The basic idea is that advertising manipulates consumers into buying goods. Mass entertainment is produced in a similar way as mass produced auto-mobiles and other products. Adorno and Horkheimer viewed advertising as standardised, artless and manipulative. Products offered people cheap thrills which provided them with compensatory pleasures after a day at a dissatisfying job. Playing to consumers’ emotional vulnerability, music, film and advertising offered instant gratification without true satisfaction while helping them to tolerate unacceptable working conditions.

In short, the culture industry was a form mass manipulation which helped to keep the working masses happy in order to discourage them from protesting about poor wages and working conditions.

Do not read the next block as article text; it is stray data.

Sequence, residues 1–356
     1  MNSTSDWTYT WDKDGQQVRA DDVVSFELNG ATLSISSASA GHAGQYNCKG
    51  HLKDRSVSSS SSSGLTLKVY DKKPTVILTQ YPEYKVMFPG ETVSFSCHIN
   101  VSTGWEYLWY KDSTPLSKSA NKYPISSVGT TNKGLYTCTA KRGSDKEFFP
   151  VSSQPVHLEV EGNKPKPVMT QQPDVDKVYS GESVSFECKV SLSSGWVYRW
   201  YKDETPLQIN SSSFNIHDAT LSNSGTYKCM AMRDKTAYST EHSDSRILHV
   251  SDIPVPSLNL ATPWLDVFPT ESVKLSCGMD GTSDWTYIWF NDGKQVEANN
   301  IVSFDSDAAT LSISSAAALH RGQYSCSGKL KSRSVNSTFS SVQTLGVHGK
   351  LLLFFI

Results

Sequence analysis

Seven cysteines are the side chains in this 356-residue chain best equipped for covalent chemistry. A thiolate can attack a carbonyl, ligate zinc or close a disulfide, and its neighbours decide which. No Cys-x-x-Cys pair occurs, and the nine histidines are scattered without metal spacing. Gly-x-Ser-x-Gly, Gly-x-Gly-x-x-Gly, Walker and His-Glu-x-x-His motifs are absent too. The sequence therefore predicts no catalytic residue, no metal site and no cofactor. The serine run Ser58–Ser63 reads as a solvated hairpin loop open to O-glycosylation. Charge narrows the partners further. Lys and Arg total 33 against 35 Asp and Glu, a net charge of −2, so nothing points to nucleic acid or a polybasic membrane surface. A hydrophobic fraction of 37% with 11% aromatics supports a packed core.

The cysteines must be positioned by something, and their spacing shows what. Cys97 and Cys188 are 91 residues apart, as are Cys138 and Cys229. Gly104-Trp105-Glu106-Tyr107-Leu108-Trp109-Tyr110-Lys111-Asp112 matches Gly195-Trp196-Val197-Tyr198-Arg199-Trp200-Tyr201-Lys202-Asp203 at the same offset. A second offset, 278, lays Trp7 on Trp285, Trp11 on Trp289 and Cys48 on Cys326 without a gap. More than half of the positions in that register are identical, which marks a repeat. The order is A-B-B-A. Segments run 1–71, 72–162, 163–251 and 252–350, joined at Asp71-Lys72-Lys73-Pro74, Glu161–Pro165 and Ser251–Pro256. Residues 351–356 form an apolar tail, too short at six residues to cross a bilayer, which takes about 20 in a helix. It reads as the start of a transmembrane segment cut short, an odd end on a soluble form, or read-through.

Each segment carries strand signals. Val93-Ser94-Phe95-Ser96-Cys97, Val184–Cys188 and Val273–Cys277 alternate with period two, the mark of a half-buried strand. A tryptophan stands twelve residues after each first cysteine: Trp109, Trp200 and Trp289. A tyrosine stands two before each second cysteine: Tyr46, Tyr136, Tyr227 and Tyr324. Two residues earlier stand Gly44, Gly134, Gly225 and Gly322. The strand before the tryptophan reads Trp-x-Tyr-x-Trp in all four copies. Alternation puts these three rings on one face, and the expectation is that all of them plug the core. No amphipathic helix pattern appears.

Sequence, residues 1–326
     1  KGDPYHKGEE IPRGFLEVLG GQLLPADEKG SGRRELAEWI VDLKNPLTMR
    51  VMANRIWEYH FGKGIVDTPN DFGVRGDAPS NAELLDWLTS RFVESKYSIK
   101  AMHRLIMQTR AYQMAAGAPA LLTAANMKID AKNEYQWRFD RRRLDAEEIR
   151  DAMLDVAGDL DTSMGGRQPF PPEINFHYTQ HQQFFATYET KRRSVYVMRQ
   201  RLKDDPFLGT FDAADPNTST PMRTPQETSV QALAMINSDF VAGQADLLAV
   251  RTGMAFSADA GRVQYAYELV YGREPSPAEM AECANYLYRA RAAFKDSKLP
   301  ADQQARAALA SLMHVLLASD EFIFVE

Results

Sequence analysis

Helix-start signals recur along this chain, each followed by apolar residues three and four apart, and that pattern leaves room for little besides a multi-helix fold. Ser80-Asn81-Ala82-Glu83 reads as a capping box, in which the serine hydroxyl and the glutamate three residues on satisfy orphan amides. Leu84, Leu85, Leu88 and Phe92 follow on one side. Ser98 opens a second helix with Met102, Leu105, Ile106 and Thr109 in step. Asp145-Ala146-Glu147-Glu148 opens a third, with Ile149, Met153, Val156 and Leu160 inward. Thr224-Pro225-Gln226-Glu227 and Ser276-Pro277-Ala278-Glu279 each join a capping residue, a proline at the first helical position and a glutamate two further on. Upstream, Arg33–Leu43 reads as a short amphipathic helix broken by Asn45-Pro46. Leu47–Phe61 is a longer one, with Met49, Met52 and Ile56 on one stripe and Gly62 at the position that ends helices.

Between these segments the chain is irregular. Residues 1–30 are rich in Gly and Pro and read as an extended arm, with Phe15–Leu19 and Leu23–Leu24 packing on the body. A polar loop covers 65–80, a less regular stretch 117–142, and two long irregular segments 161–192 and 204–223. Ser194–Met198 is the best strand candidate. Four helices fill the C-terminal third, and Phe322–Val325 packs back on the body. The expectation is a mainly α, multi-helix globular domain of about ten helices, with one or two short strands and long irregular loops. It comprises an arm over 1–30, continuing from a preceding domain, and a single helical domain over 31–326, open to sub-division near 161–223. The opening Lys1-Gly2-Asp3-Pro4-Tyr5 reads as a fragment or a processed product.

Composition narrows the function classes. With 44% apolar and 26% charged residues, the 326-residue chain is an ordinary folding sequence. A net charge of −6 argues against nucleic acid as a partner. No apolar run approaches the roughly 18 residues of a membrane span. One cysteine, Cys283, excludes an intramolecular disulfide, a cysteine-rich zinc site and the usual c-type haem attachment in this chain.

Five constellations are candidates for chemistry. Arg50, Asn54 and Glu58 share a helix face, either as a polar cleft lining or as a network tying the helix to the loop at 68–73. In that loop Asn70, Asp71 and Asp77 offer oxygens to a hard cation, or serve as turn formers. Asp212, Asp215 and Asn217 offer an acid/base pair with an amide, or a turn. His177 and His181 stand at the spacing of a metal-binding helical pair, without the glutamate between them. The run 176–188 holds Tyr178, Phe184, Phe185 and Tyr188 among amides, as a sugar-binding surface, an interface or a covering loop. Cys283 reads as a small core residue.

A long line of scholars has followed this basic idea – through with different foci –

(2) Kenneth Galbraith argued advertising played the same function of manipulation but rather than seducing the masses into political apathy served the function of convincing shoppers to buy new goods and keep industry profitable.

(3) Jean Baudrillard argues advertising helps businesses solve the ‘realisation problem’ – namely how to sell the increasing number of goods which are produced as Capitalism ‘evolves’. However, Baudrillard accords advertising a more central role in changing our culture. He argues that rather than focussing on the functional properties of a good advertising articulates their emotional or symbolic properties, thereby unleashing an endless process of consumption that has lost its connection to exchange and only reflects a symbolic system which classifies goods into different categories.